Intentions and Being Mindful

My kids frequently get on each other’s nerves.  Often times when I am asking one of them to stop doing whatever it is they are doing that is annoying their brother or sister and to not do it in the future, I get the response, “I wasn’t TRYING to bother her/him.”  My reply to that is usually, “Yes, I know, but I am asking you to try NOT to.” In other words, I am asking them to be more conscious of what they are doing and how it impacts others around them and then make decisions accordingly.

A good analogy would be when we are driving, we are supposed to be aware of all of the other drivers around us and how our actions will affect them and vice versa.  If we were to suddenly change lanes on a highway during rush hour without signaling, that might cause a chain reaction of people hitting their brakes and maybe even cause an accident, so that’s probably not a wise decision.  Obviously, there are those people who do not drive defensively and think they own the road.  They probably live the rest of their lives that way too. (I think how people drive definitely says a lot about them as a person, but that’s another topic.)

Unfortunately, I think a lot of people have difficulty navigating through life thinking about how their actions impact those around them.  It’s a whole mindset that some people have and some people don’t.  And it can involve everything from not picking up after oneself to making someone else be late to how we speak to one another. Often times we don’t intend to hurt someone’s feelings, insult them, make them feel frustrated, cause them stress, etc., but we do.  When this happens, we need to try to understand things from the other person’s point of view and see that we may have done these things even though we didn’t intend to at all.

Once they are brought to our attention, we need to try acknowledge that and then try not to do them in the future. It is even more frustrating and hurtful in my opinion when I have brought something to someone’s attention that bothers me or hurts my feelings, and that person continues to do that very same thing repeatedly.  I know people can’t change overnight, and I don’t expect anyone to be perfect, but even making a little effort to consciously NOT do things that they know will bother me is appreciated.  It shows that they care about and respect me enough to at least try to do things differently and are conscious of how their behavior affects others around them, which I think is an admirable quality.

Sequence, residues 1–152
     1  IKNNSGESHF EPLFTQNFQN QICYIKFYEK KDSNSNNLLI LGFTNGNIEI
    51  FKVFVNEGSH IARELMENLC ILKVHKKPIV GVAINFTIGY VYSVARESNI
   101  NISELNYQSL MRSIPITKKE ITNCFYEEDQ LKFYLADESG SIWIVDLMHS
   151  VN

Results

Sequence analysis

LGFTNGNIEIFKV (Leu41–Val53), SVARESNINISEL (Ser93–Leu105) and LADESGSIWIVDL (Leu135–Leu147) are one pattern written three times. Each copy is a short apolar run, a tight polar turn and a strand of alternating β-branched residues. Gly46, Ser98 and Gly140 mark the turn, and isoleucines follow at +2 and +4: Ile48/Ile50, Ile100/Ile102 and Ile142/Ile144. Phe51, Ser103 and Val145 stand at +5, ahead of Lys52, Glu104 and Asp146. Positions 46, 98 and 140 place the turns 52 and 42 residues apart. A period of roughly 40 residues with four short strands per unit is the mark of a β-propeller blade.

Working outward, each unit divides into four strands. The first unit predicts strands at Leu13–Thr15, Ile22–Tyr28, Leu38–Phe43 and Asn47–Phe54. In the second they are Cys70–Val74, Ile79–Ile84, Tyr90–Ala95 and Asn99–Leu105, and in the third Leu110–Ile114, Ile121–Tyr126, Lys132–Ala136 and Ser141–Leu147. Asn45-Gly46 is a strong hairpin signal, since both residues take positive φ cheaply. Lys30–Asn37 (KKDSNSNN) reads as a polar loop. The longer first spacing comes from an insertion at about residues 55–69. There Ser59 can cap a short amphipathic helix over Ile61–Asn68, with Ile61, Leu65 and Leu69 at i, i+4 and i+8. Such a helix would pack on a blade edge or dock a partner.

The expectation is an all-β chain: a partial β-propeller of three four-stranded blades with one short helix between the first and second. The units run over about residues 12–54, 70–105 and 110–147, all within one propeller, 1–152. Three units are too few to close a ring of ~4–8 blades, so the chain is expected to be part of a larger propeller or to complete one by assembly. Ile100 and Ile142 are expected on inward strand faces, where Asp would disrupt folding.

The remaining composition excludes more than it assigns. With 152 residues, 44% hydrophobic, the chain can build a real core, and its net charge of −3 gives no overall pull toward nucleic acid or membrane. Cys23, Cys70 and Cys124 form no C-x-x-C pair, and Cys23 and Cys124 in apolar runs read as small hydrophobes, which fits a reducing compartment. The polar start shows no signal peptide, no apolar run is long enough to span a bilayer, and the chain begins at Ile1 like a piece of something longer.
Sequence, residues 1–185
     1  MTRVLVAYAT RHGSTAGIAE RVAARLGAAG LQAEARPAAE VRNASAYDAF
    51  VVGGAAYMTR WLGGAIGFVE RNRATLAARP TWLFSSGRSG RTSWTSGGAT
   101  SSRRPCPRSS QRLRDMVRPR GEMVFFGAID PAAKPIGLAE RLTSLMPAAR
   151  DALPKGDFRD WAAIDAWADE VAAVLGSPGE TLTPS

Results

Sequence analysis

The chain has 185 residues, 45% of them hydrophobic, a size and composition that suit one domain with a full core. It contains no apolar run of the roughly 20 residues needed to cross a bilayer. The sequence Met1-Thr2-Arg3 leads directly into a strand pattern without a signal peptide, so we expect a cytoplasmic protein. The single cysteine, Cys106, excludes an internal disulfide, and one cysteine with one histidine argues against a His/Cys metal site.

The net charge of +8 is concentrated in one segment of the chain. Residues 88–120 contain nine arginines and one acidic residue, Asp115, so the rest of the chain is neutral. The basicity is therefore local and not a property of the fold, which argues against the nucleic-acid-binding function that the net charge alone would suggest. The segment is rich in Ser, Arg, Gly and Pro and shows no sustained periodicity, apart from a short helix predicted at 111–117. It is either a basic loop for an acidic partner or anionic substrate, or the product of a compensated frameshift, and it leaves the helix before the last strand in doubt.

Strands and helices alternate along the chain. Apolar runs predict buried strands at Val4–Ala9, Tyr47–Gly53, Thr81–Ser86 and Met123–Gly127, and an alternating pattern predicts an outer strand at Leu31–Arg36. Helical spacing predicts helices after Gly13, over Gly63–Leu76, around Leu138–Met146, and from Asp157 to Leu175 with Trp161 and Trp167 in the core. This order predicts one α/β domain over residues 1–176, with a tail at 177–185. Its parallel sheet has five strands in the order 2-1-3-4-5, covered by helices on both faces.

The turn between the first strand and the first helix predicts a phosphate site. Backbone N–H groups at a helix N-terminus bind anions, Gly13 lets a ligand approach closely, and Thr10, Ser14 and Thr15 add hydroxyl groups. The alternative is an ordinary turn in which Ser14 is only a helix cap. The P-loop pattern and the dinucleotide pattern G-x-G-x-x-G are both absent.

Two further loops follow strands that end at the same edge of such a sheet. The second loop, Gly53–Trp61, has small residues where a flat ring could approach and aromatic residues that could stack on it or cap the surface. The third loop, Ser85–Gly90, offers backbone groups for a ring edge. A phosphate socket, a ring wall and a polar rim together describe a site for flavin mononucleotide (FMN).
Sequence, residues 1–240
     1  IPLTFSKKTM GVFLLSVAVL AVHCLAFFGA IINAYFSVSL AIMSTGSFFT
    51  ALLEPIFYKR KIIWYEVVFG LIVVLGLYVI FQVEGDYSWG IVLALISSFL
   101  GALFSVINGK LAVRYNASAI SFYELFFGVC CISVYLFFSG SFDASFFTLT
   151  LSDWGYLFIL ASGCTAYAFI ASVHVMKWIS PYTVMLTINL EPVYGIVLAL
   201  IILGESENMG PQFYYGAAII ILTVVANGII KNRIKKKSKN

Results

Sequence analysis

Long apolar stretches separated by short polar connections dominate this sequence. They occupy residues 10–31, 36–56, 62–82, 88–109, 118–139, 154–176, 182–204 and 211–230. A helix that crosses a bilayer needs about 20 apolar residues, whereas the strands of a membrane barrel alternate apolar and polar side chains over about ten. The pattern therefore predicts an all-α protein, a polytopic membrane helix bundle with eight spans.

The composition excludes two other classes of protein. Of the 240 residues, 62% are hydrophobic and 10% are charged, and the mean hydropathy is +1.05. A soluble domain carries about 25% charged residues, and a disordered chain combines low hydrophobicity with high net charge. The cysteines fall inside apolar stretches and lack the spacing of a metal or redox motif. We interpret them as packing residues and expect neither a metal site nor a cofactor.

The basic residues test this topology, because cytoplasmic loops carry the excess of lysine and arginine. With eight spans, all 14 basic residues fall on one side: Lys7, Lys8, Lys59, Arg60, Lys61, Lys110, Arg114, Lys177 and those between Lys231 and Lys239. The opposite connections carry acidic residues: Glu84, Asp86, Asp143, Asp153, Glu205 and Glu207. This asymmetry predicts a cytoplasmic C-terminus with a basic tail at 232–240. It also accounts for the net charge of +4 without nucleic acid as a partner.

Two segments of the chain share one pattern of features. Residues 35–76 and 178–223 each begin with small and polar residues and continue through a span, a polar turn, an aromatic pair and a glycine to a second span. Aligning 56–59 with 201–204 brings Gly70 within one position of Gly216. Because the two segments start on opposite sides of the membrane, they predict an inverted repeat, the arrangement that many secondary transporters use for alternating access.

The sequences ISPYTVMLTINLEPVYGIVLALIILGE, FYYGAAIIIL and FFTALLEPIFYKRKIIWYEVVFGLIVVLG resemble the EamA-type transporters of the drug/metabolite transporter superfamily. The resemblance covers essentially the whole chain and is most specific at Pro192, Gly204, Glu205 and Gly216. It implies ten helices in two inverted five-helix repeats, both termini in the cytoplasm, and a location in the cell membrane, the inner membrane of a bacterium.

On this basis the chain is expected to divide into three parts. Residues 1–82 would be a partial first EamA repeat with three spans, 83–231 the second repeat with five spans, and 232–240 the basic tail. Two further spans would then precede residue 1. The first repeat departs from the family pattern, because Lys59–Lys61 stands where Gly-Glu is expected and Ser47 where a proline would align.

I don’t expect my kids to develop this skill or mindset on their own because kids tend to be self-absorbed.  It is something they can learn over time though if it is modeled for them and brought to their attention.  Adults who have this mindset always impress me and catch my attention, so I hope my kids will eventually be able to impress others with this quality too.

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2 thoughts on “Intentions and Being Mindful

  1. I can relate to this. I have people in my life who aren’t very mindful of how their choices affect others, but I can’t seem to get the point across. I’ve come to the conclusion that it is one of those things that if you don’t learn it early on, you’re probably not going to.


    • Yes, you’re probably right. I was just thinking about this topic again as I was raking leaves and consciously not putting any in the gutter for about 8 ft. on either side of the mailbox to keep it clear for the mail carrier and for when I pull up in the car to get the mail. My husband tends to not think about that and puts the leaves right by the mailbox because it is most convenient for him. It’s just one of the many examples I could share from the “me” people in my life.


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